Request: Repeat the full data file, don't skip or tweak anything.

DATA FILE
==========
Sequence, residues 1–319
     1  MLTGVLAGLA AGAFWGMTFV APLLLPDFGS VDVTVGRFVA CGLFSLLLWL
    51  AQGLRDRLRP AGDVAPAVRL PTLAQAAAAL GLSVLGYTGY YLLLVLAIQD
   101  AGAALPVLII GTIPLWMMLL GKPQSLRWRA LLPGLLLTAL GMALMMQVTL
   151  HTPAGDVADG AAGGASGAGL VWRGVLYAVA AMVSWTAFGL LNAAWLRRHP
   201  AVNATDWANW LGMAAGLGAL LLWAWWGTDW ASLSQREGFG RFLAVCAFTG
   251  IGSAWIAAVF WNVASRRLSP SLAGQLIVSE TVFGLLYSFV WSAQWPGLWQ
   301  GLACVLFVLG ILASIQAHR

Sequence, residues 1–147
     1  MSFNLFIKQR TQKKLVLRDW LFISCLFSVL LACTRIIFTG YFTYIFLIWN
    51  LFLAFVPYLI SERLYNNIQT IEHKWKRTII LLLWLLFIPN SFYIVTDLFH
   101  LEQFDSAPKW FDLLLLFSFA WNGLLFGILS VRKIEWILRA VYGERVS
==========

Sequence, residues 1–319
     1  MLTGVLAGLA AGAFWGMTFV APLLLPDFGS VDVTVGRFVA CGLFSLLLWL
    51  AQGLRDRLRP AGDVAPAVRL PTLAQAAAAL GLSVLGYTGY YLLLVLAIQD
   101  AGAALPVLII GTIPLWMMLL GKPQSLRWRA LLPGLLLTAL GMALMMQVTL
   151  HTPAGDVADG AAGGASGAGL VWRGVLYAVA AMVSWTAFGL LNAAWLRRHP
   201  AVNATDWANW LGMAAGLGAL LLWAWWGTDW ASLSQREGFG RFLAVCAFTG
   251  IGSAWIAAVF WNVASRRLSP SLAGQLIVSE TVFGLLYSFV WSAQWPGLWQ
   301  GLACVLFVLG ILASIQAHR

Sequence, residues 1–147
     1  MSFNLFIKQR TQKKLVLRDW LFISCLFSVL LACTRIIFTG YFTYIFLIWN
    51  LFLAFVPYLI SERLYNNIQT IEHKWKRTII LLLWLLFIPN SFYIVTDLFH
   101  LEQFDSAPKW FDLLLLFSFA WNGLLFGILS VRKIEWILRA VYGERVS